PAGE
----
Startups and the Singularity: Which Boston Innovators Are Believers?
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“I’m sure tech will be brought into [the] body, and that soon,” says Christopher Ahlberg from the Web analysis and prediction firm Recorded Future. “Singularity though… Nah.”
In case you’re wondering, there isn’t really a big point here. But as it turns out, the more interesting responses tend to come from the skeptics. Maybe that’s just because if you agree with Kurzweil and Vinge, or are open to their arguments, there isn’t as much to say.
“I don’t think it will ever come,” says Jason Jacobs of mobile-health startup FitnessKeeper. “Machines will get smarter and smarter, but unlike humans, they will never have a soul. We do need to be careful though, because as they get smarter, they are an increasingly powerful force. This force can be incredibly beneficial if used for good, but also destructive if it gets into the wrong hands.”
Jacobs brings up a much-ballyhooed point: that the singularity, if it ever occurs, could bring about massive destruction and the end of civilization. But there are those who disagree with that outcome (and would probably side more with Kurzweil’s utopian view), even as they cast doubt on its fundamental premise. “I don’t believe in the concept of a singularity as [Vinge] predicts,” says Mike Tuchen of security software firm Rapid7. “I agree we’re seeing an incredible pace of technological progress but don’t see that as inevitably causing a cataclysm.”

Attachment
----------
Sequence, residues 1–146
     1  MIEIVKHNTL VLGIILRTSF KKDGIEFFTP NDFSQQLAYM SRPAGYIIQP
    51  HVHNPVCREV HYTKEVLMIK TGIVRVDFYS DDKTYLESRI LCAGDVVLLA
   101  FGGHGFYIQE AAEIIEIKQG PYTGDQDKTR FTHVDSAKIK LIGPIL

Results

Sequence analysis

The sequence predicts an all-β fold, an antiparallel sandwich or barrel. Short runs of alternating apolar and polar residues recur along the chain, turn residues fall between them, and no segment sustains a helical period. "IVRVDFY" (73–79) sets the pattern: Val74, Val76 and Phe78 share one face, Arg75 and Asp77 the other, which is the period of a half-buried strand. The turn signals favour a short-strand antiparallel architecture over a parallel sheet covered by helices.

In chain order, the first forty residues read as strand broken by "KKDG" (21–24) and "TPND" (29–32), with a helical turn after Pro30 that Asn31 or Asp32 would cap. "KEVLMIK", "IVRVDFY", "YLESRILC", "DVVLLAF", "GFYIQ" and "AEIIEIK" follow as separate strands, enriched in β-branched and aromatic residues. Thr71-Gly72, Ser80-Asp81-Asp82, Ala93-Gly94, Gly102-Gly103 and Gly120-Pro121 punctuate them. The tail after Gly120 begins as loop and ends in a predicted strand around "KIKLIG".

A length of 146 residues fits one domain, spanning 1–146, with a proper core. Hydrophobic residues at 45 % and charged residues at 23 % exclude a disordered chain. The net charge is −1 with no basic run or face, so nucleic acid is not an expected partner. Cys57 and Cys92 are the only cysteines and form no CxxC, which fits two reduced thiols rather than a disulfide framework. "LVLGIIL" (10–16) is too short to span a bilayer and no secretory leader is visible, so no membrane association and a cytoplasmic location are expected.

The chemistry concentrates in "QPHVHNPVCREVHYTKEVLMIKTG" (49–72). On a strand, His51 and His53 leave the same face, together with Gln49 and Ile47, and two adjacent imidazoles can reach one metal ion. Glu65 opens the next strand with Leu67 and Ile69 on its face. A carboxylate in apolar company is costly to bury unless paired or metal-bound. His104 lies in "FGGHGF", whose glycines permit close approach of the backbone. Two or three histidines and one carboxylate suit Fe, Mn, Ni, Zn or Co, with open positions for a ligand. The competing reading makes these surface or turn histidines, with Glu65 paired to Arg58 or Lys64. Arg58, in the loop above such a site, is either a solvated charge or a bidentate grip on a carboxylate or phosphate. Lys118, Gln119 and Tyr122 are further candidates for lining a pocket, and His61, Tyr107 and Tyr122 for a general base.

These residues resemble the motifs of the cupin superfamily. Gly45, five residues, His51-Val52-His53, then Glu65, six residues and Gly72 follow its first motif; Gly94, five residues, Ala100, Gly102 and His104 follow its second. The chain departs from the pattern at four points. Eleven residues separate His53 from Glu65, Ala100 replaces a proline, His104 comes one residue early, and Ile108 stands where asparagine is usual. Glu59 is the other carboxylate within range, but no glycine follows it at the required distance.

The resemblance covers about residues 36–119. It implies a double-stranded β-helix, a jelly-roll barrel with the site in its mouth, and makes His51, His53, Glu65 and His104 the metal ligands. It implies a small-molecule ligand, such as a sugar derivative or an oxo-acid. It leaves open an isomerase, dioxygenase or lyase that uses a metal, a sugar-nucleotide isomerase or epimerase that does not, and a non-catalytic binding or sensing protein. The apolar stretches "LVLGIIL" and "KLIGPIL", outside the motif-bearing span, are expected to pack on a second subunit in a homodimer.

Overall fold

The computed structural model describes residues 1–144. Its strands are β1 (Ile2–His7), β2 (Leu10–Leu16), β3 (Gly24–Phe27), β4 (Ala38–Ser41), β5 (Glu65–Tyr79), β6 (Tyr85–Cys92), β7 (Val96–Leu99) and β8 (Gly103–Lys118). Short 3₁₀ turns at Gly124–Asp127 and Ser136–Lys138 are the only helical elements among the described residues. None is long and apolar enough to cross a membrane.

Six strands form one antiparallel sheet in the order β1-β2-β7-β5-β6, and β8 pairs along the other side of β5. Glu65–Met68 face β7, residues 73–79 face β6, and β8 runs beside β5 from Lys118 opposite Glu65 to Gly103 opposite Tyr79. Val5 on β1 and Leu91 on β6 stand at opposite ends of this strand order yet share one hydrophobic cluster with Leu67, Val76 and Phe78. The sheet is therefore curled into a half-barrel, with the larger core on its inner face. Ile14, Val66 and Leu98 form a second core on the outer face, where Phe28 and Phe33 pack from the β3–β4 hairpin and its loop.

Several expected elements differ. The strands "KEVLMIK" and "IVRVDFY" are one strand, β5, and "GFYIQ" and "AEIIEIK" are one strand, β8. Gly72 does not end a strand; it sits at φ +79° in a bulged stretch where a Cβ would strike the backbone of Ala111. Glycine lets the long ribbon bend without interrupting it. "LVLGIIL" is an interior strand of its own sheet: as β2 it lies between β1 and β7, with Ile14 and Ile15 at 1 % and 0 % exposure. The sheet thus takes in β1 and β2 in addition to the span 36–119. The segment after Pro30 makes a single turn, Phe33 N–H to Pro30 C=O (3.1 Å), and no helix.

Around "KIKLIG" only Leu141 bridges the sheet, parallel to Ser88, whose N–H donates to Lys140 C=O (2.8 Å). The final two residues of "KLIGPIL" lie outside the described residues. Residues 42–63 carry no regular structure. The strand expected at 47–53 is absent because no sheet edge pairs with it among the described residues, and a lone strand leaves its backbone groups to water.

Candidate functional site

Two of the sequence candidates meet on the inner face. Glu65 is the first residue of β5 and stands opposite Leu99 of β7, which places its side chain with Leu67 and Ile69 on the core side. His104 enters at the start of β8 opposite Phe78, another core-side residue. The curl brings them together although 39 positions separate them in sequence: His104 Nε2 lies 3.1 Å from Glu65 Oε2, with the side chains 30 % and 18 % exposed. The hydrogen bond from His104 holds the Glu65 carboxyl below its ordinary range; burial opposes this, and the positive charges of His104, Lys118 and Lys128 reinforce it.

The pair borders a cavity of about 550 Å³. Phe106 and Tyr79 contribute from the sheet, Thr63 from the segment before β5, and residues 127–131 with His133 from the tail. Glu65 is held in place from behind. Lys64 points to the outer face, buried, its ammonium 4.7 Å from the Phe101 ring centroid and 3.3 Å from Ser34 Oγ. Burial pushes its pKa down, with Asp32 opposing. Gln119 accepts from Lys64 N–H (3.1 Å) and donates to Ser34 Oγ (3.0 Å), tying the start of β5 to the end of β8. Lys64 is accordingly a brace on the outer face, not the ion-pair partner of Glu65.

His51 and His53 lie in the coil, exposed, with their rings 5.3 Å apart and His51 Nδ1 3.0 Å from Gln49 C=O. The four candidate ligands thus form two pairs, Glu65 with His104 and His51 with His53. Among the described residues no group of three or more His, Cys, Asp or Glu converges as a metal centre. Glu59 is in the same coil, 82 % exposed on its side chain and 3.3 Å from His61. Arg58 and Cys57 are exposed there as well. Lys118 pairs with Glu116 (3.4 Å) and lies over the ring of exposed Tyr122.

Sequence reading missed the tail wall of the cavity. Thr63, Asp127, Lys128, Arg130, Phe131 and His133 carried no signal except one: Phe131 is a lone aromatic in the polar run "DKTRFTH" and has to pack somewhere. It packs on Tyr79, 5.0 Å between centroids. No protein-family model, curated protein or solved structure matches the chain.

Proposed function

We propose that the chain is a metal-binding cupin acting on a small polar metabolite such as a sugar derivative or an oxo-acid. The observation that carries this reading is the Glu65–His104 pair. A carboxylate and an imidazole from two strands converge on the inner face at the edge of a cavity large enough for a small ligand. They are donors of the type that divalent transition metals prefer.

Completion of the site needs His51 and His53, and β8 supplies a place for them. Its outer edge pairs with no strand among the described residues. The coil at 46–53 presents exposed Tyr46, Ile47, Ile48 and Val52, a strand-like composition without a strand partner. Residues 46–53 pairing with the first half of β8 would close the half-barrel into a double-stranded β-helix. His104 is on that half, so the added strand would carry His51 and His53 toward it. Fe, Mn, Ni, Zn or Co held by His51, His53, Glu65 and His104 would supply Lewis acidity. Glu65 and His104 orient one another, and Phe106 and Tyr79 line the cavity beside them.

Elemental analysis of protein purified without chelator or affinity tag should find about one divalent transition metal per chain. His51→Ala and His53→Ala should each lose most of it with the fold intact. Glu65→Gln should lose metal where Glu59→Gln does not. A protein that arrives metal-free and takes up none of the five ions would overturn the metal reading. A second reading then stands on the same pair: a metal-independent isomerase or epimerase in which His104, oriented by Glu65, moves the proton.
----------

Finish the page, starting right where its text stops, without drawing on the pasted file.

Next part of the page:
Anytime you talk about tech predictions, of course, you have to remember how bad humans are at imagining all the things that could change in the future. Could many of us even see beyond the event horizon of the iPhone in 2007? By that token, some entrepreneurs are hedging their bets. “We tend to limit our view to existing constraints, and when structural changes take place our constraints totally change. So I would say, nothing in this field is really impossible,” says Iker Marcaide from peerTransfer, a financial ed-tech startup.
And, speaking of ed-tech, what about those Boundless guys who started all of this? What do they think of the Singularity? On a recent afternoon, chief exec Ariel Diaz sat in a conference room spinning his intellectual web. “I’m a huge believer in it,” he said. “It’s up to the user to figure out if it’s constructive or destructive. But if it can happen, it will happen. Within my lifetime.” But, he adds, “I think it will sneak up on us in terms of what it looks like.”
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